Racial Reconciliation Sunday is Feb. 25.
During the civil rights movement, Martin Luther King Jr. was quoted as famously saying that “11 a.m. on Sunday mornings was the most segregated hour of American life.”
Roughly 60 years later, King’s statement continues to ring true in many cases.
And yet something recently took place in Memphis — a city that has been rife with racial tension through the years — that demonstrates how God’s love is more powerful than racial division.
Egypt Baptist Church of Raleigh, a white congregation, and Chief Cornerstone Church of Frayser, an African-American congregation, have merged into one church — forming a fully racially blended congregation.
Both churches voted unanimously in favor of the merger during a joint business meeting in October, and the two churches officially consolidated — and held their first service together — on Dec. 17, 2023.
‘No longer two churches’
“This has brought an enthusiasm to our church family as they see God doing something so totally unexpected in our midst,” said Steve Jacobson, pastor of Egypt Baptist Church. “We are no longer two churches. We have come together as the Egypt Baptist Church family.”
Jacobson has continued in his role as senior pastor at the church. Preston Poindexter, former pastor of Chief Cornerstone Church, serves as associate pastor.
The two men — who have known each other for years — discussed the possibility of “co-pastoring,” but decided that would not be the best idea due to Poindexter’s other ongoing ministries.
Through the years, the two church bodies have gathered for special events and then gone their separate ways.
Now, though, the two are one.
Danny Sinquefield, Harvest Field One Team Leader for the Tennessee Baptist Mission Board, said the merger serves as an example of how God’s people can overcome obstacles when they allow themselves to be used for His glory.
“The story of these two churches coming together in Great Commission unity is a testimony of the promise of Jesus that He would build His church, and the gates of hell would not prevail against it,” said Sinquefield.
The two churches were each averaging about 20 attendees on Sunday prior to the merger. In recent months, the Chief Cornerstone congregation had began putting plans together to relocate due to vandalism.
Jacobson reached out to Poindexter about a potential merger, and soon the ball was rolling.
Chief Cornerstone Church sold their building and officially closed its doors on Dec. 15. Just two days later, the two churches were worshiping together.
At the end of the service, the attendees formed a circle, held hands and sang, “We are one in the bond of love.”
“Seeing Egypt Baptist and Chief Cornerstone come together is a beautiful story of God’s amazing grace,” Sinquefield said.
Those involved with the merger said it was awesome to watch the details unfold in a way that only God could have orchestrated.
For instance, the fact that Poindexter taught Bible study on Wednesday nights at Egypt Baptist many years ago — a small and seemingly insignificant detail — ultimately played a large role in opening the door for the merger.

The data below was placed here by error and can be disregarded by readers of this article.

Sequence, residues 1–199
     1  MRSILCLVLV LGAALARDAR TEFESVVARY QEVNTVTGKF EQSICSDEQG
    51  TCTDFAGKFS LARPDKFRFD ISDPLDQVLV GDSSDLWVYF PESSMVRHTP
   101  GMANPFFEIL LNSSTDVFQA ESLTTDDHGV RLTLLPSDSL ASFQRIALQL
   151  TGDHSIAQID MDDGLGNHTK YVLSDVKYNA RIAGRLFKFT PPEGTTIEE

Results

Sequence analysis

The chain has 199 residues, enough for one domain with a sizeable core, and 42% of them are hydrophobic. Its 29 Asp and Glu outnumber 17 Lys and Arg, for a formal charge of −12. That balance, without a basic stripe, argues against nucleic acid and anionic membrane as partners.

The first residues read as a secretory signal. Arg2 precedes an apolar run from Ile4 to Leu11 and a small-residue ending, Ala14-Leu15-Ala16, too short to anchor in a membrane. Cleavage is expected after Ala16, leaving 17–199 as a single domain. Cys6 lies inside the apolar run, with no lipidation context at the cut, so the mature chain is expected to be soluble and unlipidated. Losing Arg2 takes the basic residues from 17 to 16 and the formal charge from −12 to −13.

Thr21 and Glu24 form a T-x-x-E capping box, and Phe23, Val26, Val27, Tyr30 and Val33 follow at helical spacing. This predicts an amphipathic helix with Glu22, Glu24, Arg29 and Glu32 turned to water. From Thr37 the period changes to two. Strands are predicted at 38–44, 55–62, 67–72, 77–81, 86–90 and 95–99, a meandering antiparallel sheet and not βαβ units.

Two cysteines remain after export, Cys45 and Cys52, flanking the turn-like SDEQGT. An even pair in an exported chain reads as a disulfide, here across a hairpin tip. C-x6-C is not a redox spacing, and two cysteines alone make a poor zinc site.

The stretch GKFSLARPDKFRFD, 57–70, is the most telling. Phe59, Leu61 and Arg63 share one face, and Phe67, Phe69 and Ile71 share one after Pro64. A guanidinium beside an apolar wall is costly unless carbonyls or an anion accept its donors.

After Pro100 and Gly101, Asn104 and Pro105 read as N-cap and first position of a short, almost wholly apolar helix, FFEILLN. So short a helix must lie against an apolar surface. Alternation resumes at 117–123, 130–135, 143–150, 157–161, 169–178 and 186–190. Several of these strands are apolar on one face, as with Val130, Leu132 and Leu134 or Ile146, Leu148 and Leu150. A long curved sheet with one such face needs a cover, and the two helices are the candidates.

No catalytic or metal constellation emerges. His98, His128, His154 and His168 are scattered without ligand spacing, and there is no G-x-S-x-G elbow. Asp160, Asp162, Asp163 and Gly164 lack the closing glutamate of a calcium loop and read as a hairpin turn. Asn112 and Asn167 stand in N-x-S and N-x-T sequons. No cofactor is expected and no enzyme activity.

“It’s truly amazing to see in hindsight what God was preparing, and it’s a reminder that His timetable is not necessarily ours, but His is always right,” Jacobson said. “This could not have been accomplished with any other church and only God could have brought these things together.”
Growing sense of harmony
Sinquefield said the merger demonstrates the unity that is building among the churches in Memphis.
“I am so thankful for the growing sense of harmony among our partner churches in the Memphis area to work together,” said Sinquefield.
Jacobson said the merger has energized the church with a new sense of purpose.
“As (Poindexter) and I discussed, there have been many situations where black and white churches come together for special crusades or evangelistic rallies, and then go back to being black and white churches,” he said.
“It is true that in many cases there are worship styles that keep us separate, and that’s okay. It’s when our skin color causes (the separation) that it is contrary to the gospel message.”
Egypt Baptist, which has been in existence for over 200 years, called Jacobson as pastor in November of 2022.
Jacobson noted that one of the Egypt Baptist church members recently came to him and said that he was very much in favor of the merger. The member went on to say that the merger could save both churches. When Jacobson reminded him that it could also be a key in reaching the community, the member replied, “I hadn’t thought about that,” Jacobson said.
Bringing people together
Jacobson said he hopes the merger can be an example to the Memphis area of how God’s love can bring people together.
“I have been concerned for many years about the racial division in Memphis and how the Church could make the gospel much more effective if we demonstrated that the gospel is truly color-blind,” said Jacobson.
Sinquefield said that is exactly what is taking place.
“This merger is a beautiful reminder to all of us that God’s love is more powerful than the enemy’s relentless and ruthless attempts to divide, separate and isolate God’s people,” said Sinquefield.